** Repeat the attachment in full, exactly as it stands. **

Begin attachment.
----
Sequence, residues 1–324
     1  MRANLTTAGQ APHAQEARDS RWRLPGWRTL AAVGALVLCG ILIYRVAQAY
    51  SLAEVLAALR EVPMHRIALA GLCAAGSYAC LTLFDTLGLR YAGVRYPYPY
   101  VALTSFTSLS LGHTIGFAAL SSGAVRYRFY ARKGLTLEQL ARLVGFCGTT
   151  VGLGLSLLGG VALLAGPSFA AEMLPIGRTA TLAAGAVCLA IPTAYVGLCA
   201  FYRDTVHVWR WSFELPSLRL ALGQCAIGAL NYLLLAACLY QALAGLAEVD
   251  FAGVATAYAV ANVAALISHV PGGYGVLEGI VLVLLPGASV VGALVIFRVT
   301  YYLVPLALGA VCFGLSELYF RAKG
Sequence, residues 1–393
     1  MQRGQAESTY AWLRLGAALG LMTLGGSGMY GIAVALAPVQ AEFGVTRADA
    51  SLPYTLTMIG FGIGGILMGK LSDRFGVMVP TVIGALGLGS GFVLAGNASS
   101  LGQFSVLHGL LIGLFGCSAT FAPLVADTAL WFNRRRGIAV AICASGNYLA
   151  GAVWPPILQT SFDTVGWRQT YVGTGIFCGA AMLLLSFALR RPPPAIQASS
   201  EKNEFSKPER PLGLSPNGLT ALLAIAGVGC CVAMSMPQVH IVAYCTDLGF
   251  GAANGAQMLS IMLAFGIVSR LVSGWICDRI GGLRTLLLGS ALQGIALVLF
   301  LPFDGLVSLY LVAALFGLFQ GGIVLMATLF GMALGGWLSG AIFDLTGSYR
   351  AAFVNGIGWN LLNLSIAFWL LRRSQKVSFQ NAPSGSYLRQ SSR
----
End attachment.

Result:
Sequence, residues 1–324
     1  MRANLTTAGQ APHAQEARDS RWRLPGWRTL AAVGALVLCG ILIYRVAQAY
    51  SLAEVLAALR EVPMHRIALA GLCAAGSYAC LTLFDTLGLR YAGVRYPYPY
   101  VALTSFTSLS LGHTIGFAAL SSGAVRYRFY ARKGLTLEQL ARLVGFCGTT
   151  VGLGLSLLGG VALLAGPSFA AEMLPIGRTA TLAAGAVCLA IPTAYVGLCA
   201  FYRDTVHVWR WSFELPSLRL ALGQCAIGAL NYLLLAACLY QALAGLAEVD
   251  FAGVATAYAV ANVAALISHV PGGYGVLEGI VLVLLPGASV VGALVIFRVT
   301  YYLVPLALGA VCFGLSELYF RAKG
Sequence, residues 1–393
     1  MQRGQAESTY AWLRLGAALG LMTLGGSGMY GIAVALAPVQ AEFGVTRADA
    51  SLPYTLTMIG FGIGGILMGK LSDRFGVMVP TVIGALGLGS GFVLAGNASS
   101  LGQFSVLHGL LIGLFGCSAT FAPLVADTAL WFNRRRGIAV AICASGNYLA
   151  GAVWPPILQT SFDTVGWRQT YVGTGIFCGA AMLLLSFALR RPPPAIQASS
   201  EKNEFSKPER PLGLSPNGLT ALLAIAGVGC CVAMSMPQVH IVAYCTDLGF
   251  GAANGAQMLS IMLAFGIVSR LVSGWICDRI GGLRTLLLGS ALQGIALVLF
   301  LPFDGLVSLY LVAALFGLFQ GGIVLMATLF GMALGGWLSG AIFDLTGSYR
   351  AAFVNGIGWN LLNLSIAFWL LRRSQKVSFQ NAPSGSYLRQ SSR